Students encouraged to contact ACLU-NJ with stories of protest-related discipline
As students around the country plan coordinated walkouts to protest gun violence on March 14, the Superintendent of Sayreville Public Schools is threatening to suspend students who engage in political protest, even though the district’s code of conduct states that cutting class or leaving campus results in detentions for first time offenses.
“Sayreville’s approach is the most punitive that we’ve heard of in New Jersey,” said Amol Sinha, ACLU-NJ Executive Director. “It leads to absurd results: a student who skips her last class to go to a movie will be treated more leniently than one who leaves class for twenty minutes to make a political point. Instead of resorting to harsh discipline, school districts should embrace moments like this to teach the importance of civic engagement and democracy.”
The Sayreville Public School District plans to issue two-day out-of-school suspensions to high school students who participate in the nationwide walkout scheduled for March 14, by claiming that such protest would amount to “failure to follow administrative direction” or “continued and willful disobedience.” However, according to the district’s code of conduct (page 15 of PDF), students who “leave school without authorization” are only subject to Saturday detentions.
The ACLU-NJ reached out to attorneys for the district in early March, expressing concerns about its heavy-handed approach. Having failed to receive assurances that students’ First Amendment rights would be protected, the ACLU-NJ sent a subsequent letter (PDF) to attorneys for the district on March 5. According to the district’s attorneys, following its meeting on Tuesday evening, the School Board affirmed its plan to issue suspensions to students participating in the walkout.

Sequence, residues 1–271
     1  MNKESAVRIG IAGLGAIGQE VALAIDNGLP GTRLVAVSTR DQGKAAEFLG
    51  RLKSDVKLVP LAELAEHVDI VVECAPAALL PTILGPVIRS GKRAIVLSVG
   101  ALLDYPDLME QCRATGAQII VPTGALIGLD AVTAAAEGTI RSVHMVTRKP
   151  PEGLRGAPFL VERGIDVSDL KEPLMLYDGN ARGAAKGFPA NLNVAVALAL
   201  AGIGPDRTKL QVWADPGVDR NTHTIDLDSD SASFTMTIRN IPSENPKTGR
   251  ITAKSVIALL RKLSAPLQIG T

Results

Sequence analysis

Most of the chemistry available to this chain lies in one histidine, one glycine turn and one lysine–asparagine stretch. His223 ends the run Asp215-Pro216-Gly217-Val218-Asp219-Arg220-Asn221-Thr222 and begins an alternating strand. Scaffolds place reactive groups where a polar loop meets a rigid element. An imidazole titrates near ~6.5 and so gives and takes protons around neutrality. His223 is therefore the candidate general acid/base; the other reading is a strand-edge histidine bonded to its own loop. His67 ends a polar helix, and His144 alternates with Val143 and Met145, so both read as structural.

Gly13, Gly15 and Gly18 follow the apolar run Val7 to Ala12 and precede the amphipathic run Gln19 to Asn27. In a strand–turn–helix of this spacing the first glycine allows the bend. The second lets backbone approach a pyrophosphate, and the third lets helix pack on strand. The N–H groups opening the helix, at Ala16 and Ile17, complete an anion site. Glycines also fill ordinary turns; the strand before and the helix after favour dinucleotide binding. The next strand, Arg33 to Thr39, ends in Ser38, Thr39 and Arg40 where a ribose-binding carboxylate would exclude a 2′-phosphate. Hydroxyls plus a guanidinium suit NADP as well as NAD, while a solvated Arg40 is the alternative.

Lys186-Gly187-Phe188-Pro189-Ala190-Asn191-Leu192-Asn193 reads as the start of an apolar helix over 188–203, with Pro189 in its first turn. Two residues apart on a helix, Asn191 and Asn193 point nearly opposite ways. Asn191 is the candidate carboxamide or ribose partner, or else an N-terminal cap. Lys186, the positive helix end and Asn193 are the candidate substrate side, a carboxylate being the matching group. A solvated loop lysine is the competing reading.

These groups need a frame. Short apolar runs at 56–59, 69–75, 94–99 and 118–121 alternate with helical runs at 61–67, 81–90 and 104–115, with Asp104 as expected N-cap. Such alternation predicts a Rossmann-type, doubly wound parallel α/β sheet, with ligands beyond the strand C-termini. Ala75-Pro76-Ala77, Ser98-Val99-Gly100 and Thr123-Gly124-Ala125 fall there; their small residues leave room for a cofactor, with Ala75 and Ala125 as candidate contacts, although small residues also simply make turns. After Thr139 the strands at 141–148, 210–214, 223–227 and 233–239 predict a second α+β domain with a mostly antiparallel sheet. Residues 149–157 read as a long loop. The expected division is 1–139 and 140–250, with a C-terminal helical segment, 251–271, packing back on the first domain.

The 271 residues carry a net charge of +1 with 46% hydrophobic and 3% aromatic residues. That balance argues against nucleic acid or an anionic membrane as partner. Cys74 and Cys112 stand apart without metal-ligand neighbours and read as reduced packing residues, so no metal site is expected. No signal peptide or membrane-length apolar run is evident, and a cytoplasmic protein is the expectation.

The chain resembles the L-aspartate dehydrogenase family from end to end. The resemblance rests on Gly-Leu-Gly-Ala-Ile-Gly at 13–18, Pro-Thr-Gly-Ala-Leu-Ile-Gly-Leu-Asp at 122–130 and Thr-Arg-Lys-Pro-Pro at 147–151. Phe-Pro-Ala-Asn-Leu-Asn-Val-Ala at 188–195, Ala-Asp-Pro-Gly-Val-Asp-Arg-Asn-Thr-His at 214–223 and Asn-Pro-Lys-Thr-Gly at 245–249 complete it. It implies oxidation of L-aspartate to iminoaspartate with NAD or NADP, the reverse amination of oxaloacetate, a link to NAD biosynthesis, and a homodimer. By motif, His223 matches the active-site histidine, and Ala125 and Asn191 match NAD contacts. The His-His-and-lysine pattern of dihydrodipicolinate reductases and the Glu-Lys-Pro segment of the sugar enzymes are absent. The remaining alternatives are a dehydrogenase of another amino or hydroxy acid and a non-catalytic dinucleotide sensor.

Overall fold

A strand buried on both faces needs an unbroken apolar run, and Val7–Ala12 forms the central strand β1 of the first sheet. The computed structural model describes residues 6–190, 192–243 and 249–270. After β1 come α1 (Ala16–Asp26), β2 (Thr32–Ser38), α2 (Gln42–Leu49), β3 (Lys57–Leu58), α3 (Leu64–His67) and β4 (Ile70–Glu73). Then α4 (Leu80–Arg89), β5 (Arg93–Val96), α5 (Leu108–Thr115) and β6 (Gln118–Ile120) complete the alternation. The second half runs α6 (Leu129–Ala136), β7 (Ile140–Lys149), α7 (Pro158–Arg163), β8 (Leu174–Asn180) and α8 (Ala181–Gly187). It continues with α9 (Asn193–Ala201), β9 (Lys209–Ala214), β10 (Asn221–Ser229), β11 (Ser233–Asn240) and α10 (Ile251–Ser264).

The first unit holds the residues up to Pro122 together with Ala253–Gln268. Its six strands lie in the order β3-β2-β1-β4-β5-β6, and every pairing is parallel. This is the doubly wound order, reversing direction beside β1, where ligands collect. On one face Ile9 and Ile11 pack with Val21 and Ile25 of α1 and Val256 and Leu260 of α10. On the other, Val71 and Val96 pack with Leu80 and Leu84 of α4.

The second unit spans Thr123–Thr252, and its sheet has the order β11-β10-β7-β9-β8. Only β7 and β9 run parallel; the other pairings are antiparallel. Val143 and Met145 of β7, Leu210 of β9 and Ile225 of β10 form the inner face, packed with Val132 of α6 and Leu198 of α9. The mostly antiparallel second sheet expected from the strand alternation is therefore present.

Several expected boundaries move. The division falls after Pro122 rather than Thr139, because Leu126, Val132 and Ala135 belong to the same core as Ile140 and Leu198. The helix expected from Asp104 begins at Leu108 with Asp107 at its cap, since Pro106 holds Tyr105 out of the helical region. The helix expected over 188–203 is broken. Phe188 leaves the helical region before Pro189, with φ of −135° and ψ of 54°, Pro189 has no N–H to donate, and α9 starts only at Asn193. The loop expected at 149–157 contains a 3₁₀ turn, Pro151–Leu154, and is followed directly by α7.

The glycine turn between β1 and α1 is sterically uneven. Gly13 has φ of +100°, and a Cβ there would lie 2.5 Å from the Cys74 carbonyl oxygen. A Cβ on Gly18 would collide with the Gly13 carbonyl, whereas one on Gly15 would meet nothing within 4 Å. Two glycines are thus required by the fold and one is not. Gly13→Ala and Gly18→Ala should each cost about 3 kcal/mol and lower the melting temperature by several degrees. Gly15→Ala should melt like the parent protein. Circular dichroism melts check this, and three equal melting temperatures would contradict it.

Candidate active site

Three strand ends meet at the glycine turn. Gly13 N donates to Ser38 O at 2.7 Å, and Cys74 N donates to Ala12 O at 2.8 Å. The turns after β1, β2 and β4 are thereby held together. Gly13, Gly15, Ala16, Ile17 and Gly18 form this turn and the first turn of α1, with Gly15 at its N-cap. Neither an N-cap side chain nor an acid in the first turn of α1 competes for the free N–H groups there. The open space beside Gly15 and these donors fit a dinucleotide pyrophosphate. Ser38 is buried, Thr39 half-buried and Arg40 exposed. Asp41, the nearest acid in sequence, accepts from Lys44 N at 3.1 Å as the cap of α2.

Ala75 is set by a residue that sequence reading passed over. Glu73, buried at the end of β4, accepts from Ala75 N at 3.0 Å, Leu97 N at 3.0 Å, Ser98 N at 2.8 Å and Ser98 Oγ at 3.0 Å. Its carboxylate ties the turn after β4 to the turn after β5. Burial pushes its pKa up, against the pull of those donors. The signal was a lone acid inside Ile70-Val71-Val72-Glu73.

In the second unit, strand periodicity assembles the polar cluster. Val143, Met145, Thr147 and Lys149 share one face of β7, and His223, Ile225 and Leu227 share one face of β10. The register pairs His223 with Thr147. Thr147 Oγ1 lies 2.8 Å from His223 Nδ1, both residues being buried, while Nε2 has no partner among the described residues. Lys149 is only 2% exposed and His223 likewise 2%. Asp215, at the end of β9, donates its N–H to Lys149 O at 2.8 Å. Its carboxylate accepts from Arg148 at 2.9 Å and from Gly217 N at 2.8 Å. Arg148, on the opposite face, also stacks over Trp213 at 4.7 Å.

Unlike Sayreville, other New Jersey school districts are coordinating with students to ensure their safety, and confirming in advance that they will not be disciplined for participating in the walkout. For example, according to a news report, North Brunswick is engaging with students, and will not suspend them or keep them from protesting. The New Jersey School Boards Association also issued guidance (PDF) that offers alternatives to discipline, including building an educational event around the walkout.
“As students nationwide are confronting fears over their personal safety in school, educators can focus on how to foster a supportive environment and nurture student efforts to learn for themselves about participatory democracy,” said Jeanne LoCicero, ACLU-NJ Deputy Legal Director. “The ACLU-NJ supports students in expressing their political beliefs and stands ready to support them if they receive more severe punishment because of the political nature of their conduct.”
In early March, the ACLU-NJ distributed an open letter to school administrators encouraging them to seize this moment as a practical lesson in civic engagement and refrain from disciplining them. The ACLU-NJ is collecting information from students about their experiences with the protests and the discipline of political speech, and encourages students and families to share stories with the ACLU-NJ online if they're subject to school discipline.